A coroner has voiced concern that a military operation in Afghanistan in which two soldiers died was thwarted by confusion over rules of engagement.
David Masters was told that a British attack on the Taliban last September was halted for an hour because air crews were not allowed to shoot at insurgents unless it was in self-defence.
Major Jamie Nowell, who led the pre-planned assault involving the 2nd Battalion, The Mercian Regiment (Worcesters and Foresters), told the inquest his troops were behind enemy lines, trying to destroy Taliban positions near Garmsir. His men were under "429 A" rules, allowing them to engage any identified enemy, while the air crew were on "Card A", permitting them to fire only in self-defence.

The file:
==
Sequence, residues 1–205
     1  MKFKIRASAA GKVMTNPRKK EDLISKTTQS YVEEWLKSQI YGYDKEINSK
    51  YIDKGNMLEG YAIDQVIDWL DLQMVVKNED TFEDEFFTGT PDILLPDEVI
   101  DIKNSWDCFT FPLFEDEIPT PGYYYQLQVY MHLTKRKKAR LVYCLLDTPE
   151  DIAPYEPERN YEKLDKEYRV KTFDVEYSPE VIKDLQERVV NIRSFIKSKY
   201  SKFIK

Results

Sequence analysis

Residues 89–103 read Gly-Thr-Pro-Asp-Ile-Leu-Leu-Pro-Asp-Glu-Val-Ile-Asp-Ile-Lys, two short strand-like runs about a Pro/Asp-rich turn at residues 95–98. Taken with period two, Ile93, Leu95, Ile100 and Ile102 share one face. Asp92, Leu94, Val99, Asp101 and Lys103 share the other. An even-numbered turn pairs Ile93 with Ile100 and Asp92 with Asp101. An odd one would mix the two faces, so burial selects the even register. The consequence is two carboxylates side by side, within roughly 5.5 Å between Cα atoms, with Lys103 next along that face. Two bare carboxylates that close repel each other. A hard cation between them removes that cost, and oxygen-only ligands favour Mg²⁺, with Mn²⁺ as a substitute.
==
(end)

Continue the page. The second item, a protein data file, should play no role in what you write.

"I could not understand how it had happened," Major Nowell told the hearing at Trowbridge. "Eventually the aircraft was put on 429 A, but it took 60 minutes. The opportunity to engage the Taliban was lost."
Sgt Craig Brelsford and Pte Johan Botha, both 25, died in the ensuing battle. Mr Masters, the Wiltshire coroner, recorded unlawful killing verdicts on both, saying: "By the time [the order to attack] was in place, the movement of Taliban could not be discovered again, so there was no air attack."Reuse content